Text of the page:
This is how Asian countries deal with crypto sanctions against Russia

While the United States and the European Union are taking steps to prevent Russia from using cryptocurrencies for possible sanctions evasion, some countries in Asia have also moved to respond to the situation.

Japan to fine crypto exchanges for violating sanctions

Japan became the last country in Asia to call on cryptocurrency companies to comply with sanctions against Russia, asking them on Monday not to process crypto transactions involving sanctioned individuals or entities in Russia and Belarus.

Japan’s Financial Services Agency (FSA) and the Ministry of Finance issued a joint statement on sanctions against Russia, stressing that cryptocurrencies are part of the restrictions and that cryptoassets found to be sanction-related should be frozen.

The FSA reportedly said that all unauthorized transactions under sanctions, including transfers of cryptocurrencies or non-replaceable tokens (NFT), are subject to severe penalties such as jail time of up to three years or a fine of 1 million yen ($8,500).

The Japanese government’s latest sanctions warning came shortly after the European Union, the US and the G7 countries announced new actions targeting the Russian economy and wealthy individuals over possible attempts to circumvent sanctions using crypto.

Singapore Bans Crypto Fundraising For Russia

Other Asian countries such as Singapore are also moving to comply with sanctions against Russia. Singapore reportedly last week banned all local financial institutions from transacting with sanctioned Russian banks and from facilitating fundraising for the Russian government and related entities, with sanctions on cryptocurrency transactions, NFTs and other digital assets.

Executives at some crypto companies, such as crypto exchange Luno, reportedly suggested that most crypto companies in Singapore are unlikely to have direct business relationships with individuals or entities based in Russia. ADDX, a crypto-enabled private market exchange in Singapore, also said the fund has not been affected by sanctions against Russia.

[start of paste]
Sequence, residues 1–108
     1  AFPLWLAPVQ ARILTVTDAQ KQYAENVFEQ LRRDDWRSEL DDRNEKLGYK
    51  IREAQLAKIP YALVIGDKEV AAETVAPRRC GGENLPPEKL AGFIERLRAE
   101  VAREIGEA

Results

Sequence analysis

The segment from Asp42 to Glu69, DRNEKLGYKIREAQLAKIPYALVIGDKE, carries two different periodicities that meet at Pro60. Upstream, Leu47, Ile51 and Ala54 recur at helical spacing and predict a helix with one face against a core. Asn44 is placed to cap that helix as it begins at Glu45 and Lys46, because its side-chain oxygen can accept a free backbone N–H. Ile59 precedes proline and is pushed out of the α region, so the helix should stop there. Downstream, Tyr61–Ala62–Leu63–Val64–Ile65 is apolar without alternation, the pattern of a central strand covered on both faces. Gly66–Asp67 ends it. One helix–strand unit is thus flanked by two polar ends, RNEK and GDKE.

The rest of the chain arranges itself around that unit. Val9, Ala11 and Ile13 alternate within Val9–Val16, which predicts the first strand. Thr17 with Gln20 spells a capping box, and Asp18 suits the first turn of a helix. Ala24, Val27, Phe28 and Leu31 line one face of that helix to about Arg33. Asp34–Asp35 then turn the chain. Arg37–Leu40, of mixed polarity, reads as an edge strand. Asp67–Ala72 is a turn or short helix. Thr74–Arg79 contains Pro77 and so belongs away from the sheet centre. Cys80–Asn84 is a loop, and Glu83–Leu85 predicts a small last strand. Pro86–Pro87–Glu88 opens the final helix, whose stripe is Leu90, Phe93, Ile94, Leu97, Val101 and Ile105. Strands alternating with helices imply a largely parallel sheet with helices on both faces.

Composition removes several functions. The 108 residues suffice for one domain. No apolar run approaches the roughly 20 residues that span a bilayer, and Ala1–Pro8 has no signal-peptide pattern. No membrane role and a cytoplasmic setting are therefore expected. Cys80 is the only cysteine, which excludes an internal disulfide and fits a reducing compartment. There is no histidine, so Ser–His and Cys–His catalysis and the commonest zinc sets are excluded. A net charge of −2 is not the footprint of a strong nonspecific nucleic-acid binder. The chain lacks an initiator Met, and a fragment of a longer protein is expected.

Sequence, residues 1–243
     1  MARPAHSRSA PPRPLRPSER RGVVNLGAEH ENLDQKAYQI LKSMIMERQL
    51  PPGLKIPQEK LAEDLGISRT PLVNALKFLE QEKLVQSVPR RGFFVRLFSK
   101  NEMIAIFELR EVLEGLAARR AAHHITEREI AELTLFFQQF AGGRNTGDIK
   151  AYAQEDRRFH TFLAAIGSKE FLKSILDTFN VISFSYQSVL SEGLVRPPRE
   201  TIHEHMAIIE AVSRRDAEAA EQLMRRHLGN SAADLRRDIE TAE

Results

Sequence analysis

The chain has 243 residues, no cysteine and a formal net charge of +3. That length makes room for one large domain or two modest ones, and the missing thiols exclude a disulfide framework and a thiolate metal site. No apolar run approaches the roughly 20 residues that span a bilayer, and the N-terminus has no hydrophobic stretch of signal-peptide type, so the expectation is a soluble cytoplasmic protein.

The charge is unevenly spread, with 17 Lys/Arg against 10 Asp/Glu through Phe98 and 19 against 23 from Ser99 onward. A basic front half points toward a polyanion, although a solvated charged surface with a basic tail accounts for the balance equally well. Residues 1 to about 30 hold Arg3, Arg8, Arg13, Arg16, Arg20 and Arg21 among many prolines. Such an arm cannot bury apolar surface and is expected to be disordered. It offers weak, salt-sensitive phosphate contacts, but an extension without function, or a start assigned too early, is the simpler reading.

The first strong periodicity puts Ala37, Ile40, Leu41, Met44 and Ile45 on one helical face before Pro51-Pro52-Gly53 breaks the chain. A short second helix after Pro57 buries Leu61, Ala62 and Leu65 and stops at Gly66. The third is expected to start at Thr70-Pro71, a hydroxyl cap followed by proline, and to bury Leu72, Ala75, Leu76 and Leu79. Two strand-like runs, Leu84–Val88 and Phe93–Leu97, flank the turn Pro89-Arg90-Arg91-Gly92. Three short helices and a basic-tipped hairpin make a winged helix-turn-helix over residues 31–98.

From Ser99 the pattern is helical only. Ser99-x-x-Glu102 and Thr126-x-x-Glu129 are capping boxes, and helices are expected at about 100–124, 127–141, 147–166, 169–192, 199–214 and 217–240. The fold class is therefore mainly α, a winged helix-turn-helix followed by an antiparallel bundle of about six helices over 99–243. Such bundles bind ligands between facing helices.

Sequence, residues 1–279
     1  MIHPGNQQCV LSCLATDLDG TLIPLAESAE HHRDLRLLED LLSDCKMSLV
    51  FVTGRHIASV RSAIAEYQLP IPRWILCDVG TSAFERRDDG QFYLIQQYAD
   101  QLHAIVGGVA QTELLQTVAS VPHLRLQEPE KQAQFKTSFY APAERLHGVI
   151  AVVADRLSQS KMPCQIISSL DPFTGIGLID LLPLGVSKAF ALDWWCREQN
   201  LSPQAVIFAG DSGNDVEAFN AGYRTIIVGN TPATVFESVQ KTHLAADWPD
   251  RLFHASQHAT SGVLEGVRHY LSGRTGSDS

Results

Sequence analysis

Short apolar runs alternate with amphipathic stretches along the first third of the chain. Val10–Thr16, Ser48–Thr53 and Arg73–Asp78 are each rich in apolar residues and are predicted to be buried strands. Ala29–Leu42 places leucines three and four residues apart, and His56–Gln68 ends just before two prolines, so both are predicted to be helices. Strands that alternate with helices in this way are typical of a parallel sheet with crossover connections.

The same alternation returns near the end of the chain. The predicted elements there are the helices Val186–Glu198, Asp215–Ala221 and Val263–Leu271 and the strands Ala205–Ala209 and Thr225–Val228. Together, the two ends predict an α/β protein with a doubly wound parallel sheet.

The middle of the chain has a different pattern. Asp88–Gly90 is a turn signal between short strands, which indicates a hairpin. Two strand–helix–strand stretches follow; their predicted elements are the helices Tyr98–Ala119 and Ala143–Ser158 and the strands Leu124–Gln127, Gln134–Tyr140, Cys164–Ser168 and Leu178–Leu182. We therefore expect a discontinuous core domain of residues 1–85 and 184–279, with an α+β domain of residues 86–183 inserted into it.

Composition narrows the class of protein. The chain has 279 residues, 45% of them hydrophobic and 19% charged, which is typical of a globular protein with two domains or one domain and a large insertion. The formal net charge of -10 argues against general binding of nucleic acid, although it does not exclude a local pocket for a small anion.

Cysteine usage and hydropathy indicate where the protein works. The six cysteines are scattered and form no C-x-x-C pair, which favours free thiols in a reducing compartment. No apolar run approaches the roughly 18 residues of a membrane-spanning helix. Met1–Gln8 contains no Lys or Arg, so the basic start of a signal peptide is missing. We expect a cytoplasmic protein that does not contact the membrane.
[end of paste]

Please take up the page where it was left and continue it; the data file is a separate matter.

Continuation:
“We conduct Know Your Customer and Anti-Money Laundering checks on all of our investors, which is why we do not handle anonymous transactions,” said Oi-Yee Choo, CEO of ADDX.

Major crypto exchanges in South Korea are blocking Russian IP addresses

Previously, South Korea also joined global sanctions against Russia, with several local cryptocurrency exchanges blocking IP addresses or Russian users.

According to a report by local news agency Yonhap, major South Korean exchanges, including Upbit, blocked recordings of IP addresses linked to Russia as of March 3. Other local crypto exchanges such as Gopax, Bithumb and Korbit also restricted access to platform accounts from Russian IP addresses.

While some countries are going to restrict crypto transactions due to links to potential sanctions evasion, other governments are reportedly turning to cryptocurrencies as they appear to be one of the few options for Russians to pay for services abroad amid massive global warming. sanctions.

Thai association proposes to let Russians pay in crypto because other payment methods are blocked

On March 8, Phuket Tourist Association chairman Bhummikitti Ruktaengam reportedly said the group was in talks with the Bank of Thailand about potentially adopting cryptocurrency as an alternative payment option for Russian tourists trapped in the country due to the sanctions.

As before, Russians could no longer use their Mastercard and Visa debit and credit cards abroad after the payment giants decided to cut aid to all Russians as part of the sanctions.

“Cryptocurrencies would serve as a backup while transactions could not go through,” Bhummikitti noted.

While regulators around the world have been actively moving to limit Russia’s chances of potentially circumventing sanctions with crypto, some local lawmakers have also begun to see crypto as a tool to potentially avoid some of the restrictions.

Related: Bitfinex Refuses To Freeze Crypto From Unsanctioned Russians

On Sunday, Alexander Yakubovsky, deputy to the Russian State Duma, suggested that Russia should set up and use its own crypto exchanges to mitigate the impact of global sanctions on Russia.

“Crypto is an area where it is difficult to talk about really effective restrictions against our country,” Yakubovsky said in an interview with the local news agency Parlamentskaya Gazeta. As previously reported, the Russian authorities deliberately limited the service of legal crypto exchanges only to foreign companies such as Binance, while the Bank of Russia deliberately restricted local financial companies from offering crypto investments.